The component of the transpulmonary pressure loss that is out of phase with flow and in phase with volume, as well as the recoil pressure exerted by the lung under static conditions, are caused by the elastic forces within the lung. The loss of elastic recoil within the lung defines emphysema while an increase defines restrictive processes [18, 25]. The chest walls and other thoracic structures in mice are extremely compliant, so most elastic recoil measured in an intact animal can be attributed specifically to the lung. Moreover, the elastic recoil of the lung shows considerable genetic variability that needs to be taken into account in study designs [26]. The elastic recoil of the lung is conveniently assessed in terms of the quasi-static pressure-volume (PV) curve measured by inflating and deflating the lung in a step-wise fashion. The inspiratory limb of the curve traverses a path through values of P that are higher than those of the expiratory limb, the difference between the two limbs being termed hysteresis. Changes in the inspiratory limb of the PV curve that cause an increase in hysteresis are taken to indicate enhanced airway closure, such as that observed in humans after dry cold gas inhalation [29] and recapitulated in mice with allergic inflammation [30]. These changes in PV characteristics can be sensitive indicators of lung dysfunction and contribute to the genesis of hyperresponsiveness. The shape of the pressure volume relationship is one manifestation of the nonlinear characteristics of lung mechanics in the normal, unperturbed lung. Airflow resistance also exhibits alinear behavior as the airflow reaches high rates of flow as sudden changes in lumenal dimensions occur (e.g. vocal chords). The mouse lung exhibits alinear elastic (compliance) behavior that increases following antigen challenge, a change that is most consistent with reopening airways that were closed [29, 30]. Airflow is not alinear (i.e. laminar flow regimes) in either condition as it is highly unlikely turbulent flow occurs in mouse lungs due to the small airway diameters, unlike humans where turbulent flow is a common occurrence [30], pointing to a clear limitation of this species in exploring complex airflow conditions.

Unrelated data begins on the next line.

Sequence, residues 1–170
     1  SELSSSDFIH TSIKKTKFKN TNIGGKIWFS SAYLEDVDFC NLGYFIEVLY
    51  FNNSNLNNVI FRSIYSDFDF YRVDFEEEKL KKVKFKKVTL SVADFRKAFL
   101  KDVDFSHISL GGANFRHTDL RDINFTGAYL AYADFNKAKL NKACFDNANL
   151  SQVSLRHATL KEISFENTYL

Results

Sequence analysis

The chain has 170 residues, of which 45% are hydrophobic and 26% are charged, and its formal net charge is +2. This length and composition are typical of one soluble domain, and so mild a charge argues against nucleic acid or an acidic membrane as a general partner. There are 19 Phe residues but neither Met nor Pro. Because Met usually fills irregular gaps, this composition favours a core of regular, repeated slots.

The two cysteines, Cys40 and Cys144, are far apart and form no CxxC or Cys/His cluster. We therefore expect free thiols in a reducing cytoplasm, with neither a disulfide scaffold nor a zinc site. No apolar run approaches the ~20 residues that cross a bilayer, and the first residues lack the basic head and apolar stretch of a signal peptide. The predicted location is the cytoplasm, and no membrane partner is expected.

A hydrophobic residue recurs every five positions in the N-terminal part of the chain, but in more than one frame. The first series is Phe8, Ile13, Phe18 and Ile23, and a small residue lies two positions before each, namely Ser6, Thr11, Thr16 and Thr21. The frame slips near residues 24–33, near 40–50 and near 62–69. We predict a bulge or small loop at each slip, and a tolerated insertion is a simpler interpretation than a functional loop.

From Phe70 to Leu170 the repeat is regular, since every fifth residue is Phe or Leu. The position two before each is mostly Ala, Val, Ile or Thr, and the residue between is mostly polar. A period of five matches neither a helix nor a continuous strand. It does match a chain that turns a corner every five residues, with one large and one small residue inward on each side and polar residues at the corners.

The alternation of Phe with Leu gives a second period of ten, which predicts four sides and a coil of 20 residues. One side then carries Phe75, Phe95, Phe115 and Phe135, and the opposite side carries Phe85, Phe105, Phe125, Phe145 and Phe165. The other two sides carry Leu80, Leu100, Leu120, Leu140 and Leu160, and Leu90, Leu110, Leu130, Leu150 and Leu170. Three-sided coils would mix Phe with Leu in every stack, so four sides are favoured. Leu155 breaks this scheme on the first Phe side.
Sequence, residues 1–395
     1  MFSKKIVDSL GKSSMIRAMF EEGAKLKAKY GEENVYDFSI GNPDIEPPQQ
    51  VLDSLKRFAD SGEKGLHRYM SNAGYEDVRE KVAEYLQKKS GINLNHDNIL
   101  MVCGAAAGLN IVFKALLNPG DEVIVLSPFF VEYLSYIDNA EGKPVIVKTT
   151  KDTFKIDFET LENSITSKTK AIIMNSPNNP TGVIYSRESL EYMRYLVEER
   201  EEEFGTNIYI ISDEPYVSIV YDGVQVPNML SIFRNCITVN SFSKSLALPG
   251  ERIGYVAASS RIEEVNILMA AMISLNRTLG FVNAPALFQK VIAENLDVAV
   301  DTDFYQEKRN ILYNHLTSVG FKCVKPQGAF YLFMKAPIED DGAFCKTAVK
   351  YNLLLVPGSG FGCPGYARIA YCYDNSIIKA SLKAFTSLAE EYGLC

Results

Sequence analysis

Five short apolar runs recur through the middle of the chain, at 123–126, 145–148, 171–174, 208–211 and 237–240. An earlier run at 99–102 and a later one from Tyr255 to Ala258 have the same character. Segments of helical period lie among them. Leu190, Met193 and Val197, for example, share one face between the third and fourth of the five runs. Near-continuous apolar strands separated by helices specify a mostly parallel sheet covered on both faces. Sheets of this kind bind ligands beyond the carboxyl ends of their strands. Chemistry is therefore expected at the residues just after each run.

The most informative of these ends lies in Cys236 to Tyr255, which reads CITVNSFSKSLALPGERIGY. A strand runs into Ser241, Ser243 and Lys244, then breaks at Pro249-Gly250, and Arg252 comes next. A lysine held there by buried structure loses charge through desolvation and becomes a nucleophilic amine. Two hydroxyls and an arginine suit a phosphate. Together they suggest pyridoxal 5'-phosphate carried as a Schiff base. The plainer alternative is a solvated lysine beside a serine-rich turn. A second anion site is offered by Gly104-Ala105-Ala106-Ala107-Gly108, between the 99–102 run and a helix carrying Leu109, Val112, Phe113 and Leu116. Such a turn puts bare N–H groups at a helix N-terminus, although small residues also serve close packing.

Phenotyping uncertainty principle

Accurate and valid measurement of lung mechanics in laboratory animals is a balancing act between measurement precision and maintenance of "natural" conditions. This situation is similar to the Heidelberg uncertainty principle of quantum mechanics which states that the measurement of a particle's position interferes with the measurement of its movement, and vice versa [31]. In a similar fashion, as we make more precise measurements of lung function in an animal, we are forced to constrain the animal's behavior in a way that departs from the maintenance of natural conditions [11]. At the extreme ends of this continuum are the measurements derived from the free roaming animal in a closed chamber, known as unrestrained plethysmography (UP), and the measurement of input impedance using forced oscillations performed in an anesthetized, tracheostomized animal (Figure 3).

Figure 3
figure 3_195

The non-invasiveness-precision continuum of the phenotyping uncertainty principle – see text for discussion.

Unrestrained plethysmography

This approach to assess lung function involves placing the subject into a small closed box and measuring the pressure changes within the box that occur as the animal breathes [7, 11, 32]. The animal is conscious and unrestrained. This technique currently enjoys wide popularity (for example see [33]) because 1) it is simple and 2) the mouse remains unharmed after the experiment. The endpoint is the heuristic variable known as Penh, which stands for 'enhanced pause'. It is important to note that there is no linkage between Penh and other variables that are derived from mechanical principles – Penh is merely an empirical derivative of the respiratory variations in box pressure [11]. While an earlier publication demonstrated reasonable correlations between Penh and invasive measures of lung mechanics [32], recent publications draw into serious question the validity of using Penh to measure lung function [7, 11, 34].

The pressure changes occurring within the box as the mouse breathes are derived first from gas compression and decompression within the thorax – an event linked to the state of lung mechanics – and second from humidification and warming of inspired gas – an event unrelated to lung mechanics. During bronchoconstriction, both components increase [7], but much of this increase is likely due to the increased stimulation to breathe that would arise from chemoreceptor receptors in the lung. Hence box pressure changes should be influenced by chemoreceptor sensitivity and genetics that control responses to chemo- or irritant- receptor stimulation and integration [11, 35]. Recent studies show that changes in Penh depart from mechanical changes during a state of increased box temperature [7, 34] in an exactly opposite way during exposure to hyperoxic conditions [34, 35] and temporarily [36]. These findings show that Penh is not a valid measurement of the lung function of the mouse except as a measure of patterns of respiration, and it has been known for a long time that patterns of respiration usually have little bearing on lung mechanics. Finally, a response in Penh may also be due to changes in nasal cavity resistance, as the upper airways are very significant contributors (50%) to total lung resistance and their contribution is likely to change depending on the experimental situation [32].